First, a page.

• Farm labor: Due to ongoing planting activities in the Sudanian zone, as well as a larger area of land being planted this year due to the availability of tractors from the National Food Security Program (PNSA), demand for seasonal labor for the current planting season is above-average. This, combined with insufficient labor supply in certain areas, has driven up costs compared with the same time last year. For example, labor costs in the village of Guidholo, 11 kilometers southwest of Sarh, is up 33 percent to 1,000 FCFA/person/day, compared with 750 FCFA at the same time last year.
    • Household cereal stocks: In general, household cereal stock levels are low but still higher than usual for this time of the year. Harvests of off-season berbéré (flood-recession sorghum) and maize in the Sila, Salamat, Sarh, and Guera regions have strengthened household cereal supplies in these areas. However, in areas impacted by last year’s floods and in cereal-deficit provinces of Chad's Sudanian zone, household cereal stocks will not be sufficient to meet household food needs through the end of June, as stocks would during a normal year.   
    • Markets and prices: In the Sahelian zone, above-normal grain availability has kept the average price of cereals stable between April and May. Despite the massive presence of Sudanese refugees in Goz Beida, May prices for pearl millet in this area have remained unchanged compared to the same time last year and are down 27 percent compared with the five-year average. Due to the aftermath of last year's floods and a new strategy by famers to significantly expand the area planted in oilseed crops to the detriment of cereal crop production, the Sudanian zone is experiencing low market cereal inventories. This has driven pearl millet prices up 24 percent and 15 percent compared with the five-year average in Moundou and in Sarh, respectively.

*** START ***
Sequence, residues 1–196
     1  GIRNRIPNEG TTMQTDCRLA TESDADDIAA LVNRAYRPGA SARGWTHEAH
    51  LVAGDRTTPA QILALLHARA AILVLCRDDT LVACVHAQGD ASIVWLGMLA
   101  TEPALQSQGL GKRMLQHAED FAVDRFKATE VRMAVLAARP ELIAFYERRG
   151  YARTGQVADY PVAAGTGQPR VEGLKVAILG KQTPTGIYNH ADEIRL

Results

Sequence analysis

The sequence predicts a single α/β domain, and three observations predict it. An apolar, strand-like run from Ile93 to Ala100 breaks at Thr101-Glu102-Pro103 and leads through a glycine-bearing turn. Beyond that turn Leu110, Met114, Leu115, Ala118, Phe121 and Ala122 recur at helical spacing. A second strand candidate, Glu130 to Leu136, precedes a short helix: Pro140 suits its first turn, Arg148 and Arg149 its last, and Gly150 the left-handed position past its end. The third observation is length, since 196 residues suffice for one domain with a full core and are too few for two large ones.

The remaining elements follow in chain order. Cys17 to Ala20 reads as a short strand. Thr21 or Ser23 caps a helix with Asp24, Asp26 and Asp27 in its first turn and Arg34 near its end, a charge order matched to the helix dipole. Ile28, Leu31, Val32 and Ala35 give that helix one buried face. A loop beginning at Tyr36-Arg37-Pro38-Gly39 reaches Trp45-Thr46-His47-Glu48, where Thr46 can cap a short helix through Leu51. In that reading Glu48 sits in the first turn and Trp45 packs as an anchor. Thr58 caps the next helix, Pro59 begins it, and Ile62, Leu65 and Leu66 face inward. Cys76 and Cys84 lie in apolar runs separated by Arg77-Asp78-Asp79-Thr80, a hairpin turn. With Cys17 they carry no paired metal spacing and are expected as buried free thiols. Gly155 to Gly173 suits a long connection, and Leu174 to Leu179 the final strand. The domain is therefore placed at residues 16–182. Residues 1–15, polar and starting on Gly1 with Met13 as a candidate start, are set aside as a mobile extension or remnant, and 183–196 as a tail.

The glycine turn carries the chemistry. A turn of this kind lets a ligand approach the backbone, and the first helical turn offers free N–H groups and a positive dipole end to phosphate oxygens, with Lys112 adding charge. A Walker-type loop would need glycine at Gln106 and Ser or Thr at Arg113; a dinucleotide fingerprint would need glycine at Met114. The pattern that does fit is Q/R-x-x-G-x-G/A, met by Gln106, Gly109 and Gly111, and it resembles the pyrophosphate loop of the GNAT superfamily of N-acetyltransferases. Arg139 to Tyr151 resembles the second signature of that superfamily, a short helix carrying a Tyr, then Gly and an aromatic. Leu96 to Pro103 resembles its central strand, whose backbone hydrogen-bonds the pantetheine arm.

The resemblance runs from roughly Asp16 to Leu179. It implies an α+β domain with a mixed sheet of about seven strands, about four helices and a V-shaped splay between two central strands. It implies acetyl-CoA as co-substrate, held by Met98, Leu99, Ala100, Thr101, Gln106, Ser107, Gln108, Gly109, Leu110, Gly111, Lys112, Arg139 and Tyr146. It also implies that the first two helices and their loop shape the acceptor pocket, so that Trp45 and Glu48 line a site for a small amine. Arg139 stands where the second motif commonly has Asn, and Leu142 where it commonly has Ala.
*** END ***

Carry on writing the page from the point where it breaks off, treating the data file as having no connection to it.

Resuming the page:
• Refugee situation in Tissi in eastern Chad: According to the findings of a joint assessment, conducted by the FAO and WFP between May 2-7, 2013, of the situation of Sudanese refugees, Chadian returnees, and the local population in the Tissi area, the majority of refugee households are pastoralists. As a result, there are currently more than 50,000 head of small ruminants at the camp. The assessment also found that these pastoral households are frequenting the local market, where they are selling livestock in order to purchase cereals. In addition, the market is reportedly well-stocked with a large availability of grains, vegetables, meat, fish, and other commodities.